During a botched act of revolution where Blossom attempts to explode a gathering of politicians at some kind of public art Chautauqua with a grenade her lover and fellow revolutionary Django gave her. The grenade lets out a sizzling spark fart rather than exploding and Blossom is sent to the same sugar cane Hell hole Terry was imprisoned in.  As you might expect, Blossom establishes herself quickly as the Queen B of the women’s concentration camp as she kicks ass, tears off clothes and generally shows everyone who’s boss. But soon the Evil Warden is suspicious that Blossom is one of the jungle’s revolutionaries and begins beating and torturing the head strong and drop dead gorgeous Blossom to try and get her to talk.

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In the meantime, Django begins posing as a fellow homosexual in order to seduce the prison guards and land himself a job within the women’s penitentiary so that he can rescue Blossom and get his revolution going.  It isn’t long before the entire prison camp is in flames, women are gunned down, guards are stabbed and hacked into pieces and much time is spent on a gang rape scene where about a dozen women tie down one of the gay guards, force him to get his cock hard and then ride it like the proverbial pony. It’s an odd, uncomfortable scene that’s trying to play itself for laughs. Again, the laughs are of the “what the fuck is this? Am I meant to laugh?” variety.  It plays as retribution for this guard making lite of a gang rape that happened earlier, but it’s still pretty fucking uncomfortable listening to this fellow struggle and whimper as a group of sexy, sweaty, naked women suck on his wang and start straddling.  I did laugh out loud when one women has to think fast and muffles the guard’s screams by placing her pussy squarly on his mouth before letting out a “WOAH!” of surprised ecstasy. Now THAT’S funny. Jack Hill is one of the last true rape joke artists.  See what I meant when I told you this thing is politically incorrect and deeply inappropriate? This ain’t no Shawshank Redemption, Gang.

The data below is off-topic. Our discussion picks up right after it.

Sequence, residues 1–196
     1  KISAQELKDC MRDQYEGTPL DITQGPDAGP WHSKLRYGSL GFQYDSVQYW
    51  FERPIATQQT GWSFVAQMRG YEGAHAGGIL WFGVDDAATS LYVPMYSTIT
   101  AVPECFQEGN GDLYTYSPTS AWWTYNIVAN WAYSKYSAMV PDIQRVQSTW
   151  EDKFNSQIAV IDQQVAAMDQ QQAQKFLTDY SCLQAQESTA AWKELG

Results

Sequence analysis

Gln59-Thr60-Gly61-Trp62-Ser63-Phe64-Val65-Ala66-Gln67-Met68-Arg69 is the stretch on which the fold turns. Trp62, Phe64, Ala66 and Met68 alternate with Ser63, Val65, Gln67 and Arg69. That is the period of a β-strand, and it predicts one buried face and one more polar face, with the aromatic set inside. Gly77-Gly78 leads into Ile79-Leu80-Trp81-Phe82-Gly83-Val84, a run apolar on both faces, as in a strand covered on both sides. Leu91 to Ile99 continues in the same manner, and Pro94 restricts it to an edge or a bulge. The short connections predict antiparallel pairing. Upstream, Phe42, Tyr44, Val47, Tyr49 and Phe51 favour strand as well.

The women who survive the initial riot make their way into the jungle as they are tracked by vicious dogs, and guards packing all kinds of heat and out for blood. Many are killed, few are spared, and the only folks to survive are saved by gentlemen revolutionaries who send the survivors off into the sun set on a little schooner sure to capsize and kill them all before they ever make it to dry land. THE END.

BBC girls

“The Big Bird Cage” is one fantastically off the wall film filled with gratuitous nudity, torture, blood shed, and ruthlessly mean spirited, dark, offensive comedy. I say offensive because the sensitive rubes out there would certainly find this film to be vile and despicable with little to no socially redeeming qualities. To those rubes, I say sit and spin. These are the exactly reasons I enjoy “The Big Bird Cage” so much!  It feels like a satire of the entire women in prison genre and has it’s sleazy little tongue planted firmly it’s slimy cheek.  The Big Bird Cage is a wild mother fucking ride and one Trash Cinema Connoisseurs will lovingly embrace.

What lesson did I take away from “The Big Bird Cage?” Never keep a woman horny and sugar cane is an excellent cash crop.

I’m giving this slice of sleaze FOUR AND A HALF Dumpster Nuggets.

Stay Trashy!

-Root

26
Apr
12

The Innkeepers: Clean Linens and Dead Ends

a Primal Root review

Okay Gang, I’m going to try REAL hard not to spoil anything about “The Innkeepers.” You have my word that spoilers will be kept to a minimum.